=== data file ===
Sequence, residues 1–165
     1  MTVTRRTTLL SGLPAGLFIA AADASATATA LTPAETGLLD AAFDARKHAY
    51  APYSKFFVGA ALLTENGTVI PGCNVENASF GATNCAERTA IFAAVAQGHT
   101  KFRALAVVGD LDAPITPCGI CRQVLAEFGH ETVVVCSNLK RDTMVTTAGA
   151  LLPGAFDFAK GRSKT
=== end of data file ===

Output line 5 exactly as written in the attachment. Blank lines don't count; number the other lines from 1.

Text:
   151  LLPGAFDFAK GRSKT